‘At Your Bidding We Will Lower the Nets’
THAT was how the apostle Peter felt about it when Christ Jesus directed his disciples to try fishing in deeper waters. They had been unsuccessful all night, but the Master Fisherman was speaking, and he was pointing to a new fishing ground, one they had not yet tried. There was firm assurance in his voice, conviction that they would have success. And success they achieved, far beyond their hopes.—Luke 5:4-6.
So, too, it has been in modern times. Followers of Jesus today have demonstrated willingness to be guided by the directions received through the Christian congregation from the One who invited them to become “fishers of men.” (Matt. 4:19) Many have moved to new fishing grounds. At his bidding they have “let down the nets” in new areas. But have they obtained the same astonishing results? And are there still such opportunities for yet others who will respond readily to the bidding of the Chief Fisherman?
Consider the facts and determine for yourself the answers to those questions. As long as Jehovah God holds open the opportunity to engage in this vast “fishing” activity, this work of ‘catching men alive’ and bringing them into a condition of security in God’s organization, there is still time for many to yield themselves to the direction of His spirit and, where possible, move into a new “fishing” territory.
COULD CHILE BECOME YOUR HOME?
“How would you like to be in a small group here in Chile, just starting out as a missionary?” writes one of Jehovah’s witnesses. “We unpack our bags, make the bed, and then go forth to struggle with a language that is still quite new to us. That is what we did almost nineteen years ago. With Jehovah’s spirit to help, we kept on, and now this is what seems like ‘home’ to us.
“What is really challenging about the spiritual fishing work here is to have more opportunities of conducting Bible studies in people’s homes than one can really handle. And then to see many persons progress from rank superstition to strong faith in God’s Word brings an indescribable sense of satisfaction. Yes, you would enjoy being among these friendly people who always thank us when we study the Bible with them or even just when we make a brief visit. This is truly HOME to us!”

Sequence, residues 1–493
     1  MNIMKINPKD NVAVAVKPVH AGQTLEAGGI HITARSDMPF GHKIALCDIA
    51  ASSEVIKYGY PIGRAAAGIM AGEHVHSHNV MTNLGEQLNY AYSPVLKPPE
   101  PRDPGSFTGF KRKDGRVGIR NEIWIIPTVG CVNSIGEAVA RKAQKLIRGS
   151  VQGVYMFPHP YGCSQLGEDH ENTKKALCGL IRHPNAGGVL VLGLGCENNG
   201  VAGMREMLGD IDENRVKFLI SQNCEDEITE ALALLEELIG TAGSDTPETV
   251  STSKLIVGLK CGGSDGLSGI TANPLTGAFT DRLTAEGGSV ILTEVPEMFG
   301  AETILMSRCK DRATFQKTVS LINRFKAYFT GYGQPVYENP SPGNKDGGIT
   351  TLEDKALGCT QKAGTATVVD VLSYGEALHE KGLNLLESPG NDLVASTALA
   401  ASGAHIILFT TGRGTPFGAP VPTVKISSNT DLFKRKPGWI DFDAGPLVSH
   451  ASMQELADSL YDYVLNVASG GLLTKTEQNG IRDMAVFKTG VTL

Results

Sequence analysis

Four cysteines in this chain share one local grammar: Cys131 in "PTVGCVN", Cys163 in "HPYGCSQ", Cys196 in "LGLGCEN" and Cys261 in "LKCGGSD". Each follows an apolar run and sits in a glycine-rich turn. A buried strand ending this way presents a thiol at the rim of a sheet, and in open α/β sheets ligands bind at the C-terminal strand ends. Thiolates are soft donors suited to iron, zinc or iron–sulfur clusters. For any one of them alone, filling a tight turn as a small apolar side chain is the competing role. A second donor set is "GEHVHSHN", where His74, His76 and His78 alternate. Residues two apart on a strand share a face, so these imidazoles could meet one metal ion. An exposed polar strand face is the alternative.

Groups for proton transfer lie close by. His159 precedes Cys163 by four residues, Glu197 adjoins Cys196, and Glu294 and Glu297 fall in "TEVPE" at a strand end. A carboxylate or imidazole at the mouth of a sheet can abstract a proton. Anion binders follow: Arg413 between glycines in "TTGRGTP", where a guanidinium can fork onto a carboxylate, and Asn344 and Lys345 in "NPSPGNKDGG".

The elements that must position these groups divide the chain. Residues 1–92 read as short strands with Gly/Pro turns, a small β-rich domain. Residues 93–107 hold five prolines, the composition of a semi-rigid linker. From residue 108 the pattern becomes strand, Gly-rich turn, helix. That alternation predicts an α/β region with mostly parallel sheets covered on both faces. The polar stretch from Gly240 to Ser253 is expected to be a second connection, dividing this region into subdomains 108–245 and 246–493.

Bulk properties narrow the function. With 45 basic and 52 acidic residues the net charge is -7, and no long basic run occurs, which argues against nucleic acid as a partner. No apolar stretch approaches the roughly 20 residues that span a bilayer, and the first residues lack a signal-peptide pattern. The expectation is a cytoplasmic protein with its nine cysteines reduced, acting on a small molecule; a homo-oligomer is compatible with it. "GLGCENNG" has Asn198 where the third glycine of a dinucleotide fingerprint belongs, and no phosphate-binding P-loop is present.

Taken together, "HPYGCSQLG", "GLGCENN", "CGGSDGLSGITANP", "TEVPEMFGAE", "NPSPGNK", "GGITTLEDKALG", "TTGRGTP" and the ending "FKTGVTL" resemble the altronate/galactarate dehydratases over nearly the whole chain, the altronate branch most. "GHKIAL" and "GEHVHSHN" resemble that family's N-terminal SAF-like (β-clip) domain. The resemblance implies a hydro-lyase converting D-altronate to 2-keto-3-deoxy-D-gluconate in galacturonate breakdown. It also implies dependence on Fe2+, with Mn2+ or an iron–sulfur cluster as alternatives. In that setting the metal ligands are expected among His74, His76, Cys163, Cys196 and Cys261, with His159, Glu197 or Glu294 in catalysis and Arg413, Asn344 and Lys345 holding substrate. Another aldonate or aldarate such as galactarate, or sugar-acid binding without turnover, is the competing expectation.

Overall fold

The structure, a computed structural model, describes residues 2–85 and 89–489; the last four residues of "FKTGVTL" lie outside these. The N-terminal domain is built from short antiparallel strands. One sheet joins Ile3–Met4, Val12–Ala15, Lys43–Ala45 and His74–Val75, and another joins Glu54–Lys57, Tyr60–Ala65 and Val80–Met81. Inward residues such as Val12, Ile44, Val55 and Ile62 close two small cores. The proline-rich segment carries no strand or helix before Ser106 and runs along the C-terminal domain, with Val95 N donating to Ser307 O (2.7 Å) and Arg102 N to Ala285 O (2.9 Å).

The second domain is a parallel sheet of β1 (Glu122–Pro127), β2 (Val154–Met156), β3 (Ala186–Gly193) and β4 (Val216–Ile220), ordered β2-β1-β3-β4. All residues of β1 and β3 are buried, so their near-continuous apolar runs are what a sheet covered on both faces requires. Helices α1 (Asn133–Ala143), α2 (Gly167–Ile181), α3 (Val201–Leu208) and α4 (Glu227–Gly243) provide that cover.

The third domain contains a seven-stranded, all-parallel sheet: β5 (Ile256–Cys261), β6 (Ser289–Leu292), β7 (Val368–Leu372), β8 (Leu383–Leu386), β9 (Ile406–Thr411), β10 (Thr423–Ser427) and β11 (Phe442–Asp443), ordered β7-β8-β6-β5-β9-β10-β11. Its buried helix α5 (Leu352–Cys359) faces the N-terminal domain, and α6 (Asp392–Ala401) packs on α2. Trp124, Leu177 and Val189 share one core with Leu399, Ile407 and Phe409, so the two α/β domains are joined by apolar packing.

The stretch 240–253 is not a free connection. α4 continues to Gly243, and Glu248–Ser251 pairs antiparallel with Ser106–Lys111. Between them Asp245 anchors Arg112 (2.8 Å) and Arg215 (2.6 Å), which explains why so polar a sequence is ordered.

And here is a report from Chile’s extreme southern end: “In 1956 the first group of missionaries was assigned to work in Punta Arenas, and I had the privilege of being among them. At that time there was no congregation, and the extreme weather conditions produced many an obstacle. But are we ever happy we dug in and stayed on! For now there are over eighty Witnesses in the congregation here—this in addition to the others who found it necessary economically to move to other parts of Chile.
“One businessman with whom we studied the Bible braved the criticism of friends and relatives, all Catholics, and persevered in taking in accurate knowledge. His father brought a judge of the high court, a family friend, to visit and try to dissuade him. But this newly interested person was able to show the judge the basis for his new faith in the Bible. The judge had to admit that God’s name is Jehovah.”
But the whole trend of things in Chile points to it as one of the choice fishing grounds of our time. Since the arrival of the first Gilead-trained missionary back in 1945, when there were only 59 Witnesses in the whole country, the increase has been thrilling. In number of publishers of the Kingdom they have reached 5,223. But that still means that every publisher in the country has to care for a population of about 1,700. If you are one of Jehovah’s witnesses, are you in position to join them and lighten their task?
FISHING PROSPECTS IN PERU
It was with mixed feelings that the first missionaries arrived in Peru in 1946. Training at the Watchtower Bible School of Gilead had helped to make them aware of the language problem, but now they would have to apply directly what little of the language they had learned. No matter how large the problem loomed, however, they knew that they must rely on Jehovah’s spirit to carry them through. There were then very few local Witnesses.